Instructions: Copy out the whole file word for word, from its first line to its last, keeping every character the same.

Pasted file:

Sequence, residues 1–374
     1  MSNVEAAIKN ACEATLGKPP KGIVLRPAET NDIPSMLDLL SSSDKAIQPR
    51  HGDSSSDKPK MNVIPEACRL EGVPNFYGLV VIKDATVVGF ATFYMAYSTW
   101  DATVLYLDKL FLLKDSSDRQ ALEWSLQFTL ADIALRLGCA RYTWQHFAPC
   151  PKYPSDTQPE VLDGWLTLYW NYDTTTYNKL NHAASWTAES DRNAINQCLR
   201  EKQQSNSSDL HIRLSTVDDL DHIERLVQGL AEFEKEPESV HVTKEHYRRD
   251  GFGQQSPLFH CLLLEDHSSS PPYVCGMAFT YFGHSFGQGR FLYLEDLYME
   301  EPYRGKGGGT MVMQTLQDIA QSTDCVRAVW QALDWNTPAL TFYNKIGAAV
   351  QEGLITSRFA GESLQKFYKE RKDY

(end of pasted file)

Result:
Sequence, residues 1–374
     1  MSNVEAAIKN ACEATLGKPP KGIVLRPAET NDIPSMLDLL SSSDKAIQPR
    51  HGDSSSDKPK MNVIPEACRL EGVPNFYGLV VIKDATVVGF ATFYMAYSTW
   101  DATVLYLDKL FLLKDSSDRQ ALEWSLQFTL ADIALRLGCA RYTWQHFAPC
   151  PKYPSDTQPE VLDGWLTLYW NYDTTTYNKL NHAASWTAES DRNAINQCLR
   201  EKQQSNSSDL HIRLSTVDDL DHIERLVQGL AEFEKEPESV HVTKEHYRRD
   251  GFGQQSPLFH CLLLEDHSSS PPYVCGMAFT YFGHSFGQGR FLYLEDLYME
   301  EPYRGKGGGT MVMQTLQDIA QSTDCVRAVW QALDWNTPAL TFYNKIGAAV
   351  QEGLITSRFA GESLQKFYKE RKDY